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Human Rights Watch urges UN to stop backing Congo army

By Barbara Plett
BBC News United Nations correspondent, New York

A Congolese soldier stands near a UN truck (file pic: November 2008)
The UN's support of the Congolese campaign has come under fire

Campaign group Human Rights Watch is urging the UN to immediately stop supporting a military campaign in DR Congo against Rwandan rebels.

It says the UN should wait until it can ensure that joint operations in eastern Democratic Republic of Congo do not violate international humanitarian law.

In a new report the charity charges the UN's continued backing undermines its mandate to protect civilians.

The UN says that overall the campaign is bolstering stability in the region.

The US-based group released its report ahead of UN Security Council deliberations this week on renewing the mandate of UN peacekeepers in the Democratic Republic of Congo.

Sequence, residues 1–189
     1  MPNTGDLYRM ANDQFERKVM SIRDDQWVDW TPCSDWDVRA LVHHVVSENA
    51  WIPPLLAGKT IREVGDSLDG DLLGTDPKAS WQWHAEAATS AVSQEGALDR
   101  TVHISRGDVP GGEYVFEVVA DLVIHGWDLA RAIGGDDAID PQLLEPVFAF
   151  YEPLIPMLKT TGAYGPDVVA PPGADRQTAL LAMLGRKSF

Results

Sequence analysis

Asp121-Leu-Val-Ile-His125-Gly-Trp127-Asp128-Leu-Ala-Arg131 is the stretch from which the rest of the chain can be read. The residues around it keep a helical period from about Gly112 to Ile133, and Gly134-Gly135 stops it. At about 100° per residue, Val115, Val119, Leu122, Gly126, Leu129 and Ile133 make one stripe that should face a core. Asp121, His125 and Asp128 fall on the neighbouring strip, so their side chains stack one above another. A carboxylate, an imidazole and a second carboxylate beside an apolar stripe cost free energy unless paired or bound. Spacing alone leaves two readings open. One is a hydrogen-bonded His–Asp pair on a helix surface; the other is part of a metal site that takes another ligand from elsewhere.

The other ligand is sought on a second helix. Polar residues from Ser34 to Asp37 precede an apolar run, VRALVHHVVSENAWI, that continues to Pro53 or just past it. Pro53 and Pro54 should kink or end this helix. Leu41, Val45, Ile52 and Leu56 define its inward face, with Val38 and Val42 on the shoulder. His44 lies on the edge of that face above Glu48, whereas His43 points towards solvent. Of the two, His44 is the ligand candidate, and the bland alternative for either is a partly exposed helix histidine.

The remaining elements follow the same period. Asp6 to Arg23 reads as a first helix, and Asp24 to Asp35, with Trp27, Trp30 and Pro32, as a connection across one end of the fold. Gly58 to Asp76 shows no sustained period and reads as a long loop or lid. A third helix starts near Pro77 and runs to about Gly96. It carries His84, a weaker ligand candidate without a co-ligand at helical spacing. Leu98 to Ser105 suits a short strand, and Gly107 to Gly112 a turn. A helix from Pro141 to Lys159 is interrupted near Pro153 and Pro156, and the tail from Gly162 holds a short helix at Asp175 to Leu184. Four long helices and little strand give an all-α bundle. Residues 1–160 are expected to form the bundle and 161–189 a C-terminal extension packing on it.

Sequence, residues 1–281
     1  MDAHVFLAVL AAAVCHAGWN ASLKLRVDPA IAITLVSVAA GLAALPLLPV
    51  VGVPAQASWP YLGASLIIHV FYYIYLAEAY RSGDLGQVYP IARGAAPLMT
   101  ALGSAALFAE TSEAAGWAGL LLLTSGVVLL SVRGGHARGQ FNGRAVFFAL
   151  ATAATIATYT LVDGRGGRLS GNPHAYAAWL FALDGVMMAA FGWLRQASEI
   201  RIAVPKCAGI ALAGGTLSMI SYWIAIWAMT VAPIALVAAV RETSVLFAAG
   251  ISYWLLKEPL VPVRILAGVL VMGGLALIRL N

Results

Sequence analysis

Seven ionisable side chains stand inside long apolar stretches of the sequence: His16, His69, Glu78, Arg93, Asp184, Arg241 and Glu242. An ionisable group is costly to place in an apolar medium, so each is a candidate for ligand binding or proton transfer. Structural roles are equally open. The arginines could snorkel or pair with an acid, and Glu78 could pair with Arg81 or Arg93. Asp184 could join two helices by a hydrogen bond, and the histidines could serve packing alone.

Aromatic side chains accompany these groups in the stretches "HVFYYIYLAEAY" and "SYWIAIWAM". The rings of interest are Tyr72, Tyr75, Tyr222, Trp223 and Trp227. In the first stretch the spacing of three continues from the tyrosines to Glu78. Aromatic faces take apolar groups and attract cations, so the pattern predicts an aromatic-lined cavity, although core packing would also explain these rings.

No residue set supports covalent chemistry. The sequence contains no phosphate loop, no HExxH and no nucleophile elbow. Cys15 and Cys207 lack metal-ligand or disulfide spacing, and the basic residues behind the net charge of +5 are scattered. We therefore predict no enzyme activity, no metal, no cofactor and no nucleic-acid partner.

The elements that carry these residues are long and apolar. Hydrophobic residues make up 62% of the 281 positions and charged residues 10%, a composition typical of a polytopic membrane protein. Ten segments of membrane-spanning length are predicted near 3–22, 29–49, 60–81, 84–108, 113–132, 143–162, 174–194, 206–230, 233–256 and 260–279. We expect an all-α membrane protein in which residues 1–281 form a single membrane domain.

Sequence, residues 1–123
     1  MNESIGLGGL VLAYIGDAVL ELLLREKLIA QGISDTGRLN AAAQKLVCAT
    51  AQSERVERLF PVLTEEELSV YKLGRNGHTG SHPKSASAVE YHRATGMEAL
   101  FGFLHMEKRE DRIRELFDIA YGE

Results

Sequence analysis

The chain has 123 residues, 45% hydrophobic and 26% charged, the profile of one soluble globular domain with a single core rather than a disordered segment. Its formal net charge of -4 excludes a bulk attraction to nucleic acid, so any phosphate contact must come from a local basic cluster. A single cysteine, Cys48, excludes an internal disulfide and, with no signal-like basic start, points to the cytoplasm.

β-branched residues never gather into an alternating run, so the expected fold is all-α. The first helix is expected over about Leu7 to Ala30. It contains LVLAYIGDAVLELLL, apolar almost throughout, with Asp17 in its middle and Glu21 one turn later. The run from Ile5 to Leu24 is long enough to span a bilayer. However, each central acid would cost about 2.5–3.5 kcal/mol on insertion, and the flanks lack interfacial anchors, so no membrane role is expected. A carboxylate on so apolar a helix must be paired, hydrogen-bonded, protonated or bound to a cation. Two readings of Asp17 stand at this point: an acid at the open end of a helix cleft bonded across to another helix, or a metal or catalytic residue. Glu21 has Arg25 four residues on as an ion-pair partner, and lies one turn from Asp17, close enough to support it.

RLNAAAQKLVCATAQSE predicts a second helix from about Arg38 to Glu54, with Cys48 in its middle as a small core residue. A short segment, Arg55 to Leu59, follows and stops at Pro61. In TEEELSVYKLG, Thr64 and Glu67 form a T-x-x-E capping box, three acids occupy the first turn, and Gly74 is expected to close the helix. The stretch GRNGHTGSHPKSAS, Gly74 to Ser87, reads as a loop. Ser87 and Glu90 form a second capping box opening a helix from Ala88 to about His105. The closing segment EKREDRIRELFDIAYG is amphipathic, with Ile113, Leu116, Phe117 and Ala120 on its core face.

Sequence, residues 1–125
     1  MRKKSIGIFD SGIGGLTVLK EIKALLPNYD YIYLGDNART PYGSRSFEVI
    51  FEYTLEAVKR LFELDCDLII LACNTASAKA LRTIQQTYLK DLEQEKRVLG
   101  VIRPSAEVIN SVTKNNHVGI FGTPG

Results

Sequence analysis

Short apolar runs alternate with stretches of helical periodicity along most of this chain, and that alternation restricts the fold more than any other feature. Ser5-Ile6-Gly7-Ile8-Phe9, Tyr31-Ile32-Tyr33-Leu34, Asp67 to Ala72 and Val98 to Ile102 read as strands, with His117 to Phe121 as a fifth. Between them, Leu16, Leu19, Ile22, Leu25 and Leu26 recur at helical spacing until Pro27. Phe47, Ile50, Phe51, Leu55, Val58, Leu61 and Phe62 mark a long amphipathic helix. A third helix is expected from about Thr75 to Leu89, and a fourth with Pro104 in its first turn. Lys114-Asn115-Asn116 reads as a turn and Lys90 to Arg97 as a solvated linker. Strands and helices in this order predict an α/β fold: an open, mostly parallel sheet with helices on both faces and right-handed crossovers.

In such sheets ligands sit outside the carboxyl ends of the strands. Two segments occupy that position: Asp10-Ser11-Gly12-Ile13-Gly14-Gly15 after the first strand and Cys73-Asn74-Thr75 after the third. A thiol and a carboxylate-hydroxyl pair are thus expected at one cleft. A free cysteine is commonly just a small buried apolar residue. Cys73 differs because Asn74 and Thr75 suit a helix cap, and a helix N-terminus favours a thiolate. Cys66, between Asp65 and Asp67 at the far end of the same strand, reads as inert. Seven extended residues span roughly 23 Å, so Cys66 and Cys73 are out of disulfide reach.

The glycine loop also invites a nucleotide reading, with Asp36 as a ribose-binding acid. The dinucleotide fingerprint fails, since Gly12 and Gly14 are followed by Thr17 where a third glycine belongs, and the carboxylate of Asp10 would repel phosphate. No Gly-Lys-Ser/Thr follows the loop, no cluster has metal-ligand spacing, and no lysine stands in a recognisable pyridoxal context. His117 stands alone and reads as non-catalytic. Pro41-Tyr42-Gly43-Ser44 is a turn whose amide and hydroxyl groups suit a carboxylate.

'Killings'

There has been mounting criticism of the UN's supporting role in a military campaign against Rwandan rebels that has led to the killing of hundreds of civilians.

The Congolese military campaign against Rwandan rebels has led to the brutal killing of hundreds of civilians, and the raping of thousands, including by the very soldiers the UN is supporting.

The Human Rights Watch report says this raises serious concern about whether the peacekeeping mission is implicated in these abuses.

UN troops in DR Congo (file image)

In the new report it urges the UN to end support for the campaign until the adoption of clear and measurable conditions ensuring that joint operations don't violate international humanitarian law.

According to leaked memos cited by the report, UN lawyers had warned about the legal risk of supporting a campaign by an army with such a poor human rights record.

For their part, UN officials argue that the situation for civilians would be even worse if the peacekeepers weren't there.

They have also withdrawn support for one army unit accused of atrocities, and vow to do the same with others if evidence emerges.

When the Security Council considers the renewal of the peacekeeping mandate this week, it is expected to strengthen the focus on civilian protection, however, it is unlikely to end support for the military operations.



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